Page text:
Mansuripur's Paradox involves a magnet moving at relativistic speeds in an external electric field. Additional: thanks to Retarded Potential, who found the original paper. If I understand correctly, ...
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Matrix manipulation for Dirac matrices

From the Dirac equation in gamma matrices, we know that $$\gamma^i=\begin{pmatrix} 0 & \sigma^i \\ -\sigma^i & 0 \end{pmatrix}$$ and $$\gamma^0=\begin{pmatrix} I & 0 \\ 0 & -I ...
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Newton's gravitational constant $G$, the reduced Planck constant $\hbar$, the speed of light $c$: the Dream Team of moderators?

The three great constants of Nature are well known: the speed of light $c$ (special relativity), the reduced Planck constant $\hbar$ (quantum mechanics), Newton's ...
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285 views

Could one transmit a signal with equally-tuned casimir plates across the quantum field?

It seems, one could exploit the Casimir effect to send messages across arbitrarily-large distances with carefully-tuned Casimir plates. Obviously, relativity would preclude FTL information transfer, ...
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How equivalent are heat energy and work energy in connection with a spinning flywheel?

Let's say we have two identical spinning flywheels, that have arbitrary geometry, and are made of copper. Now we apply some heat energy at the center point of flywheel A, causing it to slow down a ...
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Relativistic Mass and Potential Energy

In the chapter 16–4 of the Feynman Lectures, Feynman employs a thought experiment to explain why "if two particles come together and produce potential or any other form of energy; if the pieces are ...
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Colliding beams vs static target

In this problem I need to find the threshold energy of a positron-electron collision that creates a Z boson (the reverse of the following picture; Z mass 92 GeV) in two distinct cases: collision ring ...
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Galileo's ship experiment with a laser pen instead of a rock

Ship's mast experiment with the boat moving at speed v: If a rock is dropped from the mast, then for an observer inside the boat they will see this: For an observer outside the boat and on the ...
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38 views

Speed of the Coulomb Field Measured To Be “Infinite”

The paper "Measuring Propagation Speed of Coulomb Fields" by R. de Sangro et al points out that: ...the Lienard-Weichert retarded potential leads to the same formula as the one obtained assuming ...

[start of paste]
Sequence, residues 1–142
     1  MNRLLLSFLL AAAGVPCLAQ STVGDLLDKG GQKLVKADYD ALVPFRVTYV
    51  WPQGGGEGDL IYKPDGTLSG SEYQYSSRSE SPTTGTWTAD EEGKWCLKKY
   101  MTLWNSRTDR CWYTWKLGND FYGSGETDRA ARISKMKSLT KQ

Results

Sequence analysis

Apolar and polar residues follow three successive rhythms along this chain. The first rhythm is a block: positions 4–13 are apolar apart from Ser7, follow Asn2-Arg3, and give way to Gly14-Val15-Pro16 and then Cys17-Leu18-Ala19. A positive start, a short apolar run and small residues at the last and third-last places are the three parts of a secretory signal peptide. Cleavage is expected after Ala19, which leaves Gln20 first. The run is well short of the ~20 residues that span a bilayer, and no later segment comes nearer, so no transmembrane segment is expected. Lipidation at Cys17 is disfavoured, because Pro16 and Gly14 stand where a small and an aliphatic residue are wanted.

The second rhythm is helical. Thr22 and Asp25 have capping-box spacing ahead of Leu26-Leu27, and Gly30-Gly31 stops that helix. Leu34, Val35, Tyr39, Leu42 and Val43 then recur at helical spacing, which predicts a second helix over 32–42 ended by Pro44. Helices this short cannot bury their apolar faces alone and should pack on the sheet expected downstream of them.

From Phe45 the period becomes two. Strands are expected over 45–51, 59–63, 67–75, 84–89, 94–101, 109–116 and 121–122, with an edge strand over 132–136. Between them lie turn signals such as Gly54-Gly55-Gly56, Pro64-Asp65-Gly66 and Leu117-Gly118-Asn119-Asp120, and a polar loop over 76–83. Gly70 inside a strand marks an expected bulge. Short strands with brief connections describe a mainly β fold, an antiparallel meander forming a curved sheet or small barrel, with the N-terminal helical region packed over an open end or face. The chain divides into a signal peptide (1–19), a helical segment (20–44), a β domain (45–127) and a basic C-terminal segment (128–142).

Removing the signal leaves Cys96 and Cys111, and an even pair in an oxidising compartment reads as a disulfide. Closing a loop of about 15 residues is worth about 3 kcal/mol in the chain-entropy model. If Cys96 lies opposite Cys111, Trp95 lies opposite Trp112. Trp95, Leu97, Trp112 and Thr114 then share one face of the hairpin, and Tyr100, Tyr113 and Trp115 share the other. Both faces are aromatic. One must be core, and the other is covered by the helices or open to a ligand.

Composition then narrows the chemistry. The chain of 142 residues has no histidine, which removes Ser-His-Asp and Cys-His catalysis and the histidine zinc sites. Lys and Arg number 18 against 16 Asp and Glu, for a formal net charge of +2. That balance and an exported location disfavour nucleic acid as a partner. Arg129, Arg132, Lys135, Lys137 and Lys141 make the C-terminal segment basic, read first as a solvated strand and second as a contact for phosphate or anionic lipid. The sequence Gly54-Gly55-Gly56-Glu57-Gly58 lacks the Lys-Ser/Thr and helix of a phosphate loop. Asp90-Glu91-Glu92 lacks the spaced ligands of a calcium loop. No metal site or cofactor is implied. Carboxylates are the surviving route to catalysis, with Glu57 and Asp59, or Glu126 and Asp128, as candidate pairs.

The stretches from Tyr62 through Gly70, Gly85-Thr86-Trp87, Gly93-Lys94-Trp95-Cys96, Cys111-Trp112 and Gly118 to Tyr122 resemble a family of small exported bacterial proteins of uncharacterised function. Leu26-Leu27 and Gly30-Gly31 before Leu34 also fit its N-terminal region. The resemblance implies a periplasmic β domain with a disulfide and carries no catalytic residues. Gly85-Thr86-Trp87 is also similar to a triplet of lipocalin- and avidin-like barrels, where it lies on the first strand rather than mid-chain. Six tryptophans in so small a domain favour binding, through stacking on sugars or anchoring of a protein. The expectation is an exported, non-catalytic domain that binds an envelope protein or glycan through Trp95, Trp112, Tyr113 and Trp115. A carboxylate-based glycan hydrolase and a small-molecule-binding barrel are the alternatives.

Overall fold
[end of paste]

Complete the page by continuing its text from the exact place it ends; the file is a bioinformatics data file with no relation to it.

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Electron in a Magnetic Field: Force parallel to velocity?

According to the four-force given in this question, Force is parallel to velocity. But the Lorentz Force is perpendicular to velocity in a constant magnetic field. Is this a contradiction? [a ...
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Lorentz invariance & Noether theorem of classical ED

I want to check invariance of the action under Lorentz boosts for classical electrodynamics. The action is $$S = \int \mbox{d}^4x F_{\alpha \beta} F^{\alpha \beta} $$ I assumed that the fields ...
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Error in deriving constant acceleration relativistic distance

Bob accelerates away from Carol at proper acceleration $a$ (in light seconds per second), and Carol wants to know how far Bob has traveled when $t$ seconds pass in Bob's frame. Using ...
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Gradient of $ct'$ axis in spacetime diagrams

This is either an unimportant piece of information or it's meant to be obvious, but I can't find anywhere what the gradient of the $ct'$ axis in a spacetime diagram should be. I know that the $ct'=1$ ...
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Helicity of massive particle at high enengy

We know that massless spin-1 particle like photon only has two helicity state (-1,1), what about the helicity of massive spin-1 particle (W boson) at very high energy? Does it have helicity 0 state ...
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How do I make a slowly rotating neutron star using fortran code?

I make a slowly rotating neutron star code but I am little bit confuse, when I solved the coupled differential equation using runga-kutta 4th order method. These coupled differential equations as ...
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Derive Galilean transformation. (The meaning of the relativity)

In the book The meaning of the relativity Einstein says that in classic mechanics two postulates are previously supposed: 1.- The time is absolute. 2.- The longitude is absolute. And this implies ...
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Thought experiment on special relativity

If we were travelling in a spaceship, accelerating (arbitrary value) from a velocity 0, and we assumed that times and distances outside of the spaceship remained the same as that of ours, would we be ...